How is Probability of expiring on TOS calculated?

Discussion in 'Options' started by eldorado1, Jan 24, 2012.

  1. I couldn't find any insight on this feature (Analyze>Risk Profile)
    Does anyone know if they use Beta? or only Implied Volatility?

    thank you
    :)
     
  2. rmorse

    rmorse ET Sponsor

    Can you ask the question in another way? I'm not sure what your asking.

    Bob
     
  3. I am sure it's the good ole Reiner-Rubinstein closed form formula (based on their 1991 paper). You should be able to find it in Haug's "Complete Guide to Option Pricing Formulas" (section 2.8.6 of the 2006 edition).

    EDIT: sorry, this is actually the TOS probability of touching I am thinking of. Probability of expiring ITM is simpler and can be found in the same book.
     
  4. I remember why this was discussed so avidly before....
     
  5. bc1

    bc1

    I've run a bunch of them on tos and prob of expiring is always within a point of 1 minus delta. Probability of touching is always within a point of 1 minus (two times delta). I just keep an eye on delta now which is close enough for government work.
     
  6. Indeed...
     
  7. Thanks for all your replies.

    I'll explain what I'm trying to figure out: I was scanning for iron condors on the TOS desktop and was not sure if I should trust the percentage figures under "probability of expiring" (which can be a scan criteria as well) or perhaps I should use another formula I thought of: price * beta / sum of points in profit zone (when it equels a smaller number then the higher the probability to profit)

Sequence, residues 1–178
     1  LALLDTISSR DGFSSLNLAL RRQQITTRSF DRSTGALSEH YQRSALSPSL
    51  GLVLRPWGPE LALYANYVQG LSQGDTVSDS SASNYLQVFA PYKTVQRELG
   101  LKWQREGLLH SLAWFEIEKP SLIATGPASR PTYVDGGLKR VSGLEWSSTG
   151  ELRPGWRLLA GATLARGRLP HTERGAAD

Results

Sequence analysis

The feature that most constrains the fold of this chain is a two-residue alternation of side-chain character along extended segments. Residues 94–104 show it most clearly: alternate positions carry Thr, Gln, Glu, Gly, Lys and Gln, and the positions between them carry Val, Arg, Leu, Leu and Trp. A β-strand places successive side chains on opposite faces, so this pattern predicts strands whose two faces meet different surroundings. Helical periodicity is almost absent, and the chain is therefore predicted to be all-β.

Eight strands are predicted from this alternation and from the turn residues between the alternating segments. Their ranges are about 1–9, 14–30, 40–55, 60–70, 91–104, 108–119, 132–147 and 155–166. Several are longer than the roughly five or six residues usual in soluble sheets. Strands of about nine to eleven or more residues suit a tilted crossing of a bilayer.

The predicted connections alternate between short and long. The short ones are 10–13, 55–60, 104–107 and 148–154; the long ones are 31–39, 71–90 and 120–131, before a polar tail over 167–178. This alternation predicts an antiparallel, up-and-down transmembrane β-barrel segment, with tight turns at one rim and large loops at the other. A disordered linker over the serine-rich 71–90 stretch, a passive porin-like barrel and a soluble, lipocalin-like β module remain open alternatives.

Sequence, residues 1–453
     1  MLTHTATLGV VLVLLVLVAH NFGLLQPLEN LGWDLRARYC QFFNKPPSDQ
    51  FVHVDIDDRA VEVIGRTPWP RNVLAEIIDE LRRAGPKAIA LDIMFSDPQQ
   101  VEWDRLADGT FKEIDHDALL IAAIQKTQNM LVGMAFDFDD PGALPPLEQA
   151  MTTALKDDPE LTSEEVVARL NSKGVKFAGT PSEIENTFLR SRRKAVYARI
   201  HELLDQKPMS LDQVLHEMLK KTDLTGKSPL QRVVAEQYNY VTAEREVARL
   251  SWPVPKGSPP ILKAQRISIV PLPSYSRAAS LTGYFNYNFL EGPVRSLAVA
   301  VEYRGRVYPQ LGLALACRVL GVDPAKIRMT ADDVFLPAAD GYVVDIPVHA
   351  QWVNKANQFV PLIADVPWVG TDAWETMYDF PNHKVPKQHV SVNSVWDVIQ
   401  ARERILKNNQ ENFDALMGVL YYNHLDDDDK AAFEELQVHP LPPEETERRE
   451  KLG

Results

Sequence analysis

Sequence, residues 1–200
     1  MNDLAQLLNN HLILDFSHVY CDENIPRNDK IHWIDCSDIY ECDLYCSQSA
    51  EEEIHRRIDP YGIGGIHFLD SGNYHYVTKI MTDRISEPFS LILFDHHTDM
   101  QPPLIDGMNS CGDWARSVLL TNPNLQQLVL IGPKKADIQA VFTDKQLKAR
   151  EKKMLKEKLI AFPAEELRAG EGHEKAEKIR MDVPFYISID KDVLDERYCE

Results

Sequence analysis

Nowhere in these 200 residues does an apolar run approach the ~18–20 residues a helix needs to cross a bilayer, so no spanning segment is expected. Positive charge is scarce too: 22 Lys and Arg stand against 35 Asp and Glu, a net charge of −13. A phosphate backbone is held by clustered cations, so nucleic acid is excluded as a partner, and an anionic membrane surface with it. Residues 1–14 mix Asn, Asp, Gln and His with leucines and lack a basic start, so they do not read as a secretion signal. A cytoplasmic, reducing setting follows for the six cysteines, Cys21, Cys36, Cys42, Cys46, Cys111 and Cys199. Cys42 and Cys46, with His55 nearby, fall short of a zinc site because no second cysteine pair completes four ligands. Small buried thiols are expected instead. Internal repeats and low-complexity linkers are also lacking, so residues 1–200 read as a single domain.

Although beta actually compares risk I think I will stick to TOS's probability of expiring because I see Implied Volatility (which is used for it) is reliable even when using it to compare risk of different securities (e.g iv's GLD>SPY>FXE) and also beta of SLV and NFLX - senseless (as this post? I hope not) while their iv's are looking right even when You put them side to side with other stocks' iv's.
     
  8. You're not HowardCohodas by any chance?
     
  9. It's all circular unless you have some reason to believe the probability implied by the options is wrong via fundamental or technical analysis.
     
  10. Moreover, one should never forget to include the "risk-neutral" qualifier when talking about all these probabilities.
     
    #10     Jan 25, 2012